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Overclocking CPU/GPU/Memory Stability Testing Guidelines

das1996

Junior Member
Nov 17, 2012
5
0
0
Lehtv,

I personally stay away from that AI suite garbage. Stick to the bios/uefi to make your changes. It's a bit more cumbersome, but the results are more consistent. In fact, in setting up my system (same cpu/board as you), I somehow managed to lock the system into a 48x multiplier using AI suite. No matter what I did, I it wouldn't accept the changes made in the bios. Not even clearing the bios (button or f5) would fix this. I got out of this mess by reflashing the bios.

Call me old school, but it's reliable and consistent.

My experience with loading has been two fold. Sometimes I'd get a crash with intelburn 2.54 (similar to linx IIRC), some times i'd get a crash with prime95. Ideally one should get no crashes with either.

Yes, it is normal for temps/load to drop slightly as each linx cycle completes.

I'm curious why you're using a negative offset? Trying to find the LOWEST voltage the processor is stable at?
 

lehtv

Elite Member
Dec 8, 2010
11,900
0
91
das1996 said:
I personally stay away from that AI suite garbage. Stick to the bios/uefi to make your changes. It's a bit more cumbersome, but the results are more consistent.
AI Suite II is working fine for me. I like being able to change the voltage without having to reboot, it makes it much faster to probe for a stable voltage.

das1996 said:
I'm curious why you're using a negative offset? Trying to find the LOWEST voltage the processor is stable at?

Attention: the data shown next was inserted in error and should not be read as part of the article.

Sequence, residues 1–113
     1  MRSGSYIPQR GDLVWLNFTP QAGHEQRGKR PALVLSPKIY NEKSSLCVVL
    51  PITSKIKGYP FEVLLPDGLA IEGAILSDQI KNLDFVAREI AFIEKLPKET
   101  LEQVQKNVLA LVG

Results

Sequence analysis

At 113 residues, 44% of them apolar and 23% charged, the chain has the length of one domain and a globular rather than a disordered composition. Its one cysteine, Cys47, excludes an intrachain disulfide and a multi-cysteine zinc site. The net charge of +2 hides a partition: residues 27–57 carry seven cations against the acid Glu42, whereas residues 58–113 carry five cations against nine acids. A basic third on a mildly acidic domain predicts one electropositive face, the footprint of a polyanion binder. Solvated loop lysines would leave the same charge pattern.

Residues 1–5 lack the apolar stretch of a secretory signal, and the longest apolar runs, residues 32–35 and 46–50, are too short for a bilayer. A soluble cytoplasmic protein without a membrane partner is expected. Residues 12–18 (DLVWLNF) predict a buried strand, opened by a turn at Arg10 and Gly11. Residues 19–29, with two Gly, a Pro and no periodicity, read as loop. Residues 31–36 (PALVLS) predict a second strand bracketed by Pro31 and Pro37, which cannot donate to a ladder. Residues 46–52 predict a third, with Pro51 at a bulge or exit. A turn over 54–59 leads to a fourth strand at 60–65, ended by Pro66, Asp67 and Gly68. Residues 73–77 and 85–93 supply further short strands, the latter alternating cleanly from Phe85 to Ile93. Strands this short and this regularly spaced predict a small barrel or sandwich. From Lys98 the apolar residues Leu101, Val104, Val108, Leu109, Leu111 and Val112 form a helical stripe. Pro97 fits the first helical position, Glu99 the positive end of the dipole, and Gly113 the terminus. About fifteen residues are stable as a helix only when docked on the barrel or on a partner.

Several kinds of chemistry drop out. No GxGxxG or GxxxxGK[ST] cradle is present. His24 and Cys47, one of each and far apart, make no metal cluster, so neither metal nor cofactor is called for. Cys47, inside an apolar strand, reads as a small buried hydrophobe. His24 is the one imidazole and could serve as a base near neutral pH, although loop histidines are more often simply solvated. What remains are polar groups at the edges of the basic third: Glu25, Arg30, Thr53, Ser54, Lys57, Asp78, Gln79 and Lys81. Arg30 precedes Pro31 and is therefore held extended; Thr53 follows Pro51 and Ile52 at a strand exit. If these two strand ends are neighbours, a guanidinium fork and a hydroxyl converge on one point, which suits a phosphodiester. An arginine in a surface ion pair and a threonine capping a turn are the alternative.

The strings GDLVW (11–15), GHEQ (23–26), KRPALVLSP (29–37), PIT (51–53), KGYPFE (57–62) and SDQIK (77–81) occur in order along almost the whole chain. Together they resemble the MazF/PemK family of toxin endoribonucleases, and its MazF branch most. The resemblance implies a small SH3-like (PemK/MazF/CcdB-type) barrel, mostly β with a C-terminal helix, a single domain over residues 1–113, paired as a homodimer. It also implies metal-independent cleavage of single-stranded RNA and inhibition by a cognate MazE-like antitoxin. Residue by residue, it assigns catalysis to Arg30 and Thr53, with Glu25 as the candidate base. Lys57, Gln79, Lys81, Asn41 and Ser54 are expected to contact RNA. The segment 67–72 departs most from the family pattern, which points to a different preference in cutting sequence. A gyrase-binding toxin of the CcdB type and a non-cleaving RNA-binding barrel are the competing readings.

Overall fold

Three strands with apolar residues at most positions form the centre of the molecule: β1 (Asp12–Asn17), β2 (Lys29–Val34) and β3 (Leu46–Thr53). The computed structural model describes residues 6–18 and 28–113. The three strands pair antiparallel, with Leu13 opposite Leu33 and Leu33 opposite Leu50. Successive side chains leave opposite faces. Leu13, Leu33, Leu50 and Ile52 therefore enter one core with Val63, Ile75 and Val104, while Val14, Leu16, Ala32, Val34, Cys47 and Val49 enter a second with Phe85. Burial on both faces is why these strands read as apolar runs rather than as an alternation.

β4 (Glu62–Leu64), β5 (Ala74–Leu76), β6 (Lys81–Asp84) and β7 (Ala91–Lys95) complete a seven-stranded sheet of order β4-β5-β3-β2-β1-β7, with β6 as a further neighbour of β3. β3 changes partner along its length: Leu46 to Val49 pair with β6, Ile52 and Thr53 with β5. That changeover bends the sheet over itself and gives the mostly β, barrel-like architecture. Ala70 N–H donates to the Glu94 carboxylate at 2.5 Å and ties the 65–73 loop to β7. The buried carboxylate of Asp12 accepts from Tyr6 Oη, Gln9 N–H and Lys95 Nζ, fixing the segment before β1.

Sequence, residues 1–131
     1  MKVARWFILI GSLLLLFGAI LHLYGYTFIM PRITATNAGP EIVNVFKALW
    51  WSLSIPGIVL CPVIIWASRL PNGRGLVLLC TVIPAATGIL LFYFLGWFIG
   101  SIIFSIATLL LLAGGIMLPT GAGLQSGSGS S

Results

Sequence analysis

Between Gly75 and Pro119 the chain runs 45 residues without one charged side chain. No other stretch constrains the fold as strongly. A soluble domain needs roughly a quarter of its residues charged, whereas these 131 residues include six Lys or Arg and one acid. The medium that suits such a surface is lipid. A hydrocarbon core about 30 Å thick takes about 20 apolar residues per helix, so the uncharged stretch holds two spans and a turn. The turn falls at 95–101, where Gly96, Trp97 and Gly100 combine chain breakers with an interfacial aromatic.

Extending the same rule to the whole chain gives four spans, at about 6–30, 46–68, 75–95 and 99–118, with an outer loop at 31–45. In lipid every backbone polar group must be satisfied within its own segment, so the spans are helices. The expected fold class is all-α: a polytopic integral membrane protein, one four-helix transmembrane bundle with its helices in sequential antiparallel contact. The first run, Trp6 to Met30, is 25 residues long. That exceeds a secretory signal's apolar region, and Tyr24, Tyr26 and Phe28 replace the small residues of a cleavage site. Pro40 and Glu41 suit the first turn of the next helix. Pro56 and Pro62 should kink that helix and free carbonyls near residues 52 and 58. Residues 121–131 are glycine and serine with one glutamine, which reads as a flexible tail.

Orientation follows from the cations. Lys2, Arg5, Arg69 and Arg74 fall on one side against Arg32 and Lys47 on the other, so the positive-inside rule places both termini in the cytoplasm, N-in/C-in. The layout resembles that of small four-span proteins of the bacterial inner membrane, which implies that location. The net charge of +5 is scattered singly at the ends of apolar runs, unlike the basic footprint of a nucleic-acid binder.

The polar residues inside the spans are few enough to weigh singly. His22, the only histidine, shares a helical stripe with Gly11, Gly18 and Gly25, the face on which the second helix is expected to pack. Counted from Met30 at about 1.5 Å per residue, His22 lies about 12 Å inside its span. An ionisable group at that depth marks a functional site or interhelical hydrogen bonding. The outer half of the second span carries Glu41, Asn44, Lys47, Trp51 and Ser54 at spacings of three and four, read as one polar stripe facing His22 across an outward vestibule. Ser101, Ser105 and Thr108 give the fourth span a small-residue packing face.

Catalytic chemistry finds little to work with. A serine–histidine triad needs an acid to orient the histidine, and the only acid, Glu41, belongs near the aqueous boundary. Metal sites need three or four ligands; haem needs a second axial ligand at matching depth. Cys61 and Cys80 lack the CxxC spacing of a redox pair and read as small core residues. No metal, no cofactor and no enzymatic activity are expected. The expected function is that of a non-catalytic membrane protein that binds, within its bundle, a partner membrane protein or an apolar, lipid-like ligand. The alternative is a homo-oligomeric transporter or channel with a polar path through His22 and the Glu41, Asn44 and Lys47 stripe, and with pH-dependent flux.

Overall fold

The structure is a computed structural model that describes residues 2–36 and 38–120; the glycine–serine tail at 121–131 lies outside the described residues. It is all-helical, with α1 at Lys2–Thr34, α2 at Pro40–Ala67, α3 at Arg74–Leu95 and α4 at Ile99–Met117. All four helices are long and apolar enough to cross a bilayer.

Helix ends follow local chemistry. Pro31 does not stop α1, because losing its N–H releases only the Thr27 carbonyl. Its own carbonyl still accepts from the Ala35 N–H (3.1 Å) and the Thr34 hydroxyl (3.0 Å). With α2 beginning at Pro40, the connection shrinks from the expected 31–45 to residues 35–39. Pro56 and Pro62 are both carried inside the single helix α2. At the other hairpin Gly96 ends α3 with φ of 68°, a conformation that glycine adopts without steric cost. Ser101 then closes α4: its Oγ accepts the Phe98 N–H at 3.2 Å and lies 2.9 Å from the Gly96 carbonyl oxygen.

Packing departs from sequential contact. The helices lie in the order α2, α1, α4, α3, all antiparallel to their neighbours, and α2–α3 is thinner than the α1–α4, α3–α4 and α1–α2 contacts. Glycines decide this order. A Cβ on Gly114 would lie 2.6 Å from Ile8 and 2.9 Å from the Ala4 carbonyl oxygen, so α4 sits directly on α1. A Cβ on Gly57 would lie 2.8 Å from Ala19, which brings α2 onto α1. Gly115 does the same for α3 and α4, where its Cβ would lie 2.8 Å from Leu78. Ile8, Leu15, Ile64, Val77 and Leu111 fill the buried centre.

Yes, exactly. The lower the better, as long as it's stable.
 

Idontcare

Elite Member
Oct 10, 1999
21,126
0
0
Just posting my findings regarding LinX vs Prime95 stability testing because it contradicts Idontcare's OP which claims LinX is better for determining core logic stability. I'm wondering if I'm doing something wrong or if one program is better for lower voltages while the other is better for higher voltages.
Initial settings:

- HT off
Now, if I enable HT and test Prime95 Small FFT's with the same voltage that I just passed 4 hours of LinX with, it BSOD's within a few seconds.
See anything wrong with that? Regarding my choice to set HT off instead of assigning thread affinities in Task Manager... well, I couldn't get LinX to properly stress the four threads I chose.
Hi lehtv, there are three possibilities that come to mind here:
  1. When I made this guide (long times ago) prime95 was not AVX-aware, so it came nowhere close to LinX in terms of temperature and stability testing back then, it is possible that Prime95 has since caught up and surpassed LinX in terms of AVX capability and power-virus features.
  2. I can't rightly say that I knew what I was doing when I drafted this guide, so it may have been wrong all along. You can fill an internet with all that which I do not know ;)